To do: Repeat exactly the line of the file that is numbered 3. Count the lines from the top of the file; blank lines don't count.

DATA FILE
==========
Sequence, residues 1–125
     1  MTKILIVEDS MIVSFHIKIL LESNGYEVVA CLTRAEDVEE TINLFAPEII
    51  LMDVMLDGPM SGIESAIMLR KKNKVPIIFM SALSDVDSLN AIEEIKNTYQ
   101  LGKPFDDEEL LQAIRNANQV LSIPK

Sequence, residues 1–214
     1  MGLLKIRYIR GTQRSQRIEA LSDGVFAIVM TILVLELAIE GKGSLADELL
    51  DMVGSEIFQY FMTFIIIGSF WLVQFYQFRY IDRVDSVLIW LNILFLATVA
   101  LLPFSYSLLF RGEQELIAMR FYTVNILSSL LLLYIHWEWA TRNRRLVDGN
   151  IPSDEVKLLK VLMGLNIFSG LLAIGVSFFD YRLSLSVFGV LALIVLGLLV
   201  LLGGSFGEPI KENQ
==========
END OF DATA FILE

    51  LMDVMLDGPM SGIESAIMLR KKNKVPIIFM SALSDVDSLN AIEEIKNTYQ